Catherine Henry Lawyers’ expert health law team is handling an increasing number of cases for clients experiencing injury, in particular, permanent skin staining, from iron infusions.
What is iron infusion?
Intravenous iron polymaltose infusions or iron infusion is a procedure in which iron is delivered to your body intravenously (into a vein through a needle). This method of delivering medication or supplementation is known as an intravenous (IV) infusion.
Iron infusions are usually prescribed by doctors to treat iron deficiency anaemia. Iron deficiency anemia is typically treated with dietary changes (to increase the intake of iron rich foods) and iron supplement tablets.
You should only consider an IV iron infusion if you:
- can’t take iron by mouth
- can’t absorb iron adequately through the gut
- can’t absorb enough iron due to blood loss
- need to increase iron levels fast to avoid medical complications or a blood transfusion.
Iron deficiency is one of the most common nutritional deficiencies in Australia and remains one of the most under diagnosed conditions in general practice. About 8% of the pre-menopausal adult women have biochemical iron deficiency, with less than one-quarter being anaemic.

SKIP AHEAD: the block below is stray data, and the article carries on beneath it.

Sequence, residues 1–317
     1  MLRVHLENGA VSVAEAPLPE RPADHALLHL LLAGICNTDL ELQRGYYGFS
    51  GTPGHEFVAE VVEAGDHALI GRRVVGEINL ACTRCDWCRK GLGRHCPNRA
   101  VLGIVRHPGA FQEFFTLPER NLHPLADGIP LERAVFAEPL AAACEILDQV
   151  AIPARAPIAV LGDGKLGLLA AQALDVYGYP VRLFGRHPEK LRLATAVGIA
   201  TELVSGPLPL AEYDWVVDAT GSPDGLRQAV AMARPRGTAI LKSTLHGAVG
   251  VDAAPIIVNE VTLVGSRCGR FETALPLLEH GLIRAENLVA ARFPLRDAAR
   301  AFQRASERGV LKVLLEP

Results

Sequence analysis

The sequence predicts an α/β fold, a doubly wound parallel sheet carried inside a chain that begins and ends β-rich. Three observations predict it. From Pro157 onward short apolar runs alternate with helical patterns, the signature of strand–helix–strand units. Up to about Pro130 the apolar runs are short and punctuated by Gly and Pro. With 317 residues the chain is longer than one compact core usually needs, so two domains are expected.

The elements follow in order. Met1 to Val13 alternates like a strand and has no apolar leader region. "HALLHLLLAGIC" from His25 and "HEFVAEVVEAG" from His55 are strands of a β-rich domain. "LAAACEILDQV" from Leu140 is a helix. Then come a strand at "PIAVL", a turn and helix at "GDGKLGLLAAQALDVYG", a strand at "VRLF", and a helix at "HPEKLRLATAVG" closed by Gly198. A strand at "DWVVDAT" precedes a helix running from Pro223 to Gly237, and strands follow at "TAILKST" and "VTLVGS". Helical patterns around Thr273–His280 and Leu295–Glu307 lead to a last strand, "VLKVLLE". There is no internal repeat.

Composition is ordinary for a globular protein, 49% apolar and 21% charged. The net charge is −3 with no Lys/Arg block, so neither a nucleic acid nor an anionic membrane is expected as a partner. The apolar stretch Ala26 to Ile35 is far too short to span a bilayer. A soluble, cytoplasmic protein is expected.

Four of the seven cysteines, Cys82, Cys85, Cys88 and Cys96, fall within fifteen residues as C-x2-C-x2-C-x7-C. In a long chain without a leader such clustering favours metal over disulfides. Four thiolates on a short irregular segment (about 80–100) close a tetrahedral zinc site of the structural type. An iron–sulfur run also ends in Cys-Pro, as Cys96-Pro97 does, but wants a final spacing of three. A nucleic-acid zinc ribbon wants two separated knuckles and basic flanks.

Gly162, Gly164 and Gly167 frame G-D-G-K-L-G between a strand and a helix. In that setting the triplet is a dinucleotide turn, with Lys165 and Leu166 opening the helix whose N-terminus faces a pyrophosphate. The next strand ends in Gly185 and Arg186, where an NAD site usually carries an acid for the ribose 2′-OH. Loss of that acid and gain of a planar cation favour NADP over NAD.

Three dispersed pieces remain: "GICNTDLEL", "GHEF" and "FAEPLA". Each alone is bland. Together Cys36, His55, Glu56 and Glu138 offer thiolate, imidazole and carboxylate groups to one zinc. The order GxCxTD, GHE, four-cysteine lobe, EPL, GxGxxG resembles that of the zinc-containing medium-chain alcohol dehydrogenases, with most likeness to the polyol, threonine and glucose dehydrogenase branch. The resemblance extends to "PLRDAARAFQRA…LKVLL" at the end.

What are the risks of iron infusion?
When side effects do occur, they are generally mild and settle down on their own. The most common side effects are temporary and include:
- headache, feeling sick or vomiting, muscle or joint pain
- changes in taste (e.g. metallic)
- changes to blood pressure or pulse.
Brown discolouration may occur due to leakage of iron into the tissues around the needle (drip) site (tissuing). This is not common but the stain can be long lasting or permanent.
Know the risks
We urge people to be aware of the risks of iron infusions. If you seek to have this treatment, ensure those carrying it out have done so on many occasions. Your doctor should explain how they will carry out the iron infusion as well as all of the risks with you before you consent. Decide if the benefit is worth the risk of permanent stains to your arm.
If you experience pain during an infusion, ask the health professional to stop and apply pressure. Make sure a pressure bandage is applied at the end of the infusion.
If you or a loved one has experienced negative impacts from iron infusions, please get in touch with one of our caring, expert, health lawyers about the options available to you. Taking legal action can also help change health care practices and hold health care professionals to account so other people do not to have experience what you went through.